36.

Brouckaert P, Takahashi N, van Tiel ST, et al. Tumor necrosis factor-alpha augmented tumor response in B16BL6 melanoma-bearing mice treated with stealth liposomal doxorubicin (Doxil) correlates with altered Doxil pharmacokinetics. Int J Cancer. 2004;109(3):442–448.

37.

Di L, Artursson P, Avdeef A, et al. Evidence-based approach to assess passive diffusion and carrier-mediated drug transport. Drug Discov Today. 2012;17(15–16):905–912.

38.

Lo Y, Liu F, Cherng J. Effect of PSC 833 liposomes and Intralipid on the transport of epirubicin in Caco-2 cells and rat intestines. J Control Release. 2001;76(1–2):1–10.

39.

Lo YL. Phospholipids as multidrug resistance modulators of the transport of epirubicin in human intestinal epithelial Caco-2 cell layers and everted gut sacs of rats. Biochem Pharmacol. 2000;60(9):1381–1390.

40.

Saremi S, Atyabi F, Akhlaghi SP, Ostad SN, Dinarvand R. Thiolated chitosan nanoparticles for enhancing oral absorption of docetaxel: preparation, in vitro and ex vivo evaluation. Int J Nanomedicine. 2011;6:119–128.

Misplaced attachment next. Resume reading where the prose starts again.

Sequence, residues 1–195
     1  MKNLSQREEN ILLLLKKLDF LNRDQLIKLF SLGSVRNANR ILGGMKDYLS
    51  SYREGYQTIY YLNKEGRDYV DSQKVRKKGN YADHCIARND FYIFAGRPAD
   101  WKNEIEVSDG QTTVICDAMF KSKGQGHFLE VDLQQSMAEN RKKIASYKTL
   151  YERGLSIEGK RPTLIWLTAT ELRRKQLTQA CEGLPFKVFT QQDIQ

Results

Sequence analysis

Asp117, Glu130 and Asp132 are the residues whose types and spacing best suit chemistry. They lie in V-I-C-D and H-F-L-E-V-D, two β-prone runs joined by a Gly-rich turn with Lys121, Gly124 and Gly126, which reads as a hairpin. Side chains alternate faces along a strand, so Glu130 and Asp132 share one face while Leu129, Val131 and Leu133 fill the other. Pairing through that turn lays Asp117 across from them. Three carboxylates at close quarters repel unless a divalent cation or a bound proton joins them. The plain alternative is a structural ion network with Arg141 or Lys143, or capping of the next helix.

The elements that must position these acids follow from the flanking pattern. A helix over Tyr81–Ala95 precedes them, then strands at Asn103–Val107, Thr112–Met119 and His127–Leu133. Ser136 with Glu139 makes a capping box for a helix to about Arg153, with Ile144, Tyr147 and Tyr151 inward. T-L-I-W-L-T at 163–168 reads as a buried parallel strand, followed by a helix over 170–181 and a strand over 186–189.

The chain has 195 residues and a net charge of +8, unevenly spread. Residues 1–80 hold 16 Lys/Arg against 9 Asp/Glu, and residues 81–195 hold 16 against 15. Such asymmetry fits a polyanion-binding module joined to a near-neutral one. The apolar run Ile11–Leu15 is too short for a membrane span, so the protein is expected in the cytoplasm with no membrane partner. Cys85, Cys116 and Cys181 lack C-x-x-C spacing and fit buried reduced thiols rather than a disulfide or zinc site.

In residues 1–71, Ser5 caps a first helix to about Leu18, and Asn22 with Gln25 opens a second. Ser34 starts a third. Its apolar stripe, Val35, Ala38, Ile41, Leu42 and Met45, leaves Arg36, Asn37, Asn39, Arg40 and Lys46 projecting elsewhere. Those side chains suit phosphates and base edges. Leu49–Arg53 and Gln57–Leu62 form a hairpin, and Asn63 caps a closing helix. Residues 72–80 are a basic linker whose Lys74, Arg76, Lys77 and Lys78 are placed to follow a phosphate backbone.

41.

Pukanud P, Peungvicha P, Sarisuta N. Development of mannosylated liposomes for bioadhesive oral drug delivery via M cells of Peyer’s patches. Drug Deliv. 2009;16(5):289–294.

42.

Vollrath A, Schallon A, Pietsch C, et al. A toolbox of differently sized and labeled PMMA nanoparticles for cellular uptake investigations. Soft Matter. 2013;9(1):99–108.

43.

Watson P, Jones AT, Stephens DJ. Intracellular trafficking pathways and drug delivery: fluorescence imaging of living and fixed cells. Adv Drug Deliv Rev. 2005;57(1):43–61.

44.